THE recession has not just meant the death knell for the economy, it is now even threatening the funeral business.
The spokesman for the Irish Association of Funeral Directors, (IAFD), Gus Nichols, said that he expected as many as 20 firms to either close or be forced to merge with other companies in the next year.
The old adage has it that the only two certainties in life are death and taxes, but according to Mr Nichols, who operates his own funeral directors business in Dublin, the recession has hit members in the pocket.
In addition, the death rate has slowed dramatically in the past decade, meaning fewer funerals each year, despite newer businesses opening in recent years.
The IAFD estimates that there are approximately 600 funeral homes operating in the country, many working on a part-time basis, run by families who also own pubs or shops.
Mr Nichols said that he was aware of some firms who, in the Celtic Tiger boom years, had bought expensive vehicles which they can no longer afford.
“If there are 600 firms I would be surprised if there are not 10 to 20 that might close their doors or merge with another firm. It is going to be very interesting in the next year,” he said.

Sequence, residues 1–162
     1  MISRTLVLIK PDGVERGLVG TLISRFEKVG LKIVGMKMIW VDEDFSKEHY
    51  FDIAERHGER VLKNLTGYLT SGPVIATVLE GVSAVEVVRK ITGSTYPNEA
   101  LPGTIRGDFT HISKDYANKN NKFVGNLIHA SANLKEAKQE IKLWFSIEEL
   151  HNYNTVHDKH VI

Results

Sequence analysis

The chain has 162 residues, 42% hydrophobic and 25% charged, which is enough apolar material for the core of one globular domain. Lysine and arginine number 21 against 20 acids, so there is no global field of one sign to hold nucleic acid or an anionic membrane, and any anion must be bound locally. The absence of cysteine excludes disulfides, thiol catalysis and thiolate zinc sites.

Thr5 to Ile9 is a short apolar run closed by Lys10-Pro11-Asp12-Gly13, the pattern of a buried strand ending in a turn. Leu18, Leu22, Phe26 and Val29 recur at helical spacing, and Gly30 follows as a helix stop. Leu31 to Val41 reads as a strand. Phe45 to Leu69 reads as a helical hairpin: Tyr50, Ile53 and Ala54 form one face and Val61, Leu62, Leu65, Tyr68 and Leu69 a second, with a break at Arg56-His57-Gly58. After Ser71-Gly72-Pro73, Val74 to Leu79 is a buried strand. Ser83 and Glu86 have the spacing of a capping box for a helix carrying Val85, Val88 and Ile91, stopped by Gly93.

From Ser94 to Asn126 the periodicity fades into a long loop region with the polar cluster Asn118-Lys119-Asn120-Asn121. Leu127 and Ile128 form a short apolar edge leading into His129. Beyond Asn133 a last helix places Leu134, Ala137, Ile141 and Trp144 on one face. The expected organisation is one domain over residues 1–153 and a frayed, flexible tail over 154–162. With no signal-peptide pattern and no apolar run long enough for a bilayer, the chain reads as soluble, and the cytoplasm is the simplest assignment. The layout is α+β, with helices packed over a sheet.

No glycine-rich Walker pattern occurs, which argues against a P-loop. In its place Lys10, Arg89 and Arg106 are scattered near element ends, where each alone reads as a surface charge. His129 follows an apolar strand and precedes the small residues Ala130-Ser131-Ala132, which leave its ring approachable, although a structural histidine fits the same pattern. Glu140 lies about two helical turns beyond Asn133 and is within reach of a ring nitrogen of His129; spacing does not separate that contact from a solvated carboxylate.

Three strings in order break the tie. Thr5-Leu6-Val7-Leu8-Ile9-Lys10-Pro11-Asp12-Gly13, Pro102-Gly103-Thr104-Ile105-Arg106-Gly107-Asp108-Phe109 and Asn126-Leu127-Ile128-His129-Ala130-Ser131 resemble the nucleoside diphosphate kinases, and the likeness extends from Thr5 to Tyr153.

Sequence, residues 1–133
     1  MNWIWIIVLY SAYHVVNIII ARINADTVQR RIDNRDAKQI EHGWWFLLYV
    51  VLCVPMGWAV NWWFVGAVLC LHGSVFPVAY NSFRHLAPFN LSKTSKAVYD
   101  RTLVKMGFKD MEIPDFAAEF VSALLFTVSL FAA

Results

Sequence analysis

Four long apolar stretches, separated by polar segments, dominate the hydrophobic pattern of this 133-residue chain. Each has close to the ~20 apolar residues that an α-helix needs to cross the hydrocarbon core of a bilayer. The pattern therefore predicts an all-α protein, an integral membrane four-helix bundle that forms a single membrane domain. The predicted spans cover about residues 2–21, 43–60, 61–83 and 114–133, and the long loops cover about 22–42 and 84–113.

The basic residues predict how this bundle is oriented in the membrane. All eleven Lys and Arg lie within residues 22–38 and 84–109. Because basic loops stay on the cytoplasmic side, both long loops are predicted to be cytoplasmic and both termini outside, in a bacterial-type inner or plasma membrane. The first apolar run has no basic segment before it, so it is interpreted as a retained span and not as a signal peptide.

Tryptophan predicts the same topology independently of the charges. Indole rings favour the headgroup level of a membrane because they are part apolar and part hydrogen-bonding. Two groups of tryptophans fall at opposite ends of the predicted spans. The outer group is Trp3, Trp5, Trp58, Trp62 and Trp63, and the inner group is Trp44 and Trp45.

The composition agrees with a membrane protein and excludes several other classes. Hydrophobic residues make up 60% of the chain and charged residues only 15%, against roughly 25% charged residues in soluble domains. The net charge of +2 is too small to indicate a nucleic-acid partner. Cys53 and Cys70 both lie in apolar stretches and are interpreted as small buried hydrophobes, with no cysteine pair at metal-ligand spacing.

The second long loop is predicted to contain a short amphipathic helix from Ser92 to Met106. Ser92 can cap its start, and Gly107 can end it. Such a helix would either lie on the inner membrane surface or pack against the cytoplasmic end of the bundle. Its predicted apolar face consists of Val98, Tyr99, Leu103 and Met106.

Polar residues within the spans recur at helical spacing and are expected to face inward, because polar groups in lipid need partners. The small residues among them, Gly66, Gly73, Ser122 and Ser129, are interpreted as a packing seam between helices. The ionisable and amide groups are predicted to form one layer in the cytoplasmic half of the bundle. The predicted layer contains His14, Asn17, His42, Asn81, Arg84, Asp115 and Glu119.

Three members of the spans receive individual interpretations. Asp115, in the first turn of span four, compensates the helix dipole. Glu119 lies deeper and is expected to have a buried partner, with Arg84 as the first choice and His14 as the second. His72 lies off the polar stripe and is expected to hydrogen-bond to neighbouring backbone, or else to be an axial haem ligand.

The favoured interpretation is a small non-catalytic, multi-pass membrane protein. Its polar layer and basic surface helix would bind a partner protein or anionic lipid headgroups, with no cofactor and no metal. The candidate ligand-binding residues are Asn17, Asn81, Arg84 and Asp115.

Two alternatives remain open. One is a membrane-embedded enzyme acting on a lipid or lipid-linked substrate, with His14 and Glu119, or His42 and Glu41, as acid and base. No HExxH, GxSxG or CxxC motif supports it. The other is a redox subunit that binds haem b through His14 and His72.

While funeral homes used to deal with an average of 31,000 funerals per year 10 years ago, the slowing in the death rate has reduced that number to 27,000 a year.
Despite this, the IAFD has been receiving calls from people looking to gain a foothold in the industry, possibly because the sector is seen as recession-proof.
However, Mr Nichols said there are fewer than 600 full-time jobs in the trade throughout the country, and about 100 firms which operate full-time.
Training can also only be provided to sponsored members of the IAFD, although he said it was possible for people to take up part-time work in the sector, such as driving or grave-digging.
Meanwhile, another industry seen as recession- proof, chartered accountancy, – has also seen the impact of the recession.
New figures from the Irish Association of Chartered Accountants has shown an increase in the number of members seeking an exemption from paying union subscriptions because they feel they are unable to afford it.
The figure used to apply to around 2.5% of members, but in the past year this has grown to 8%.
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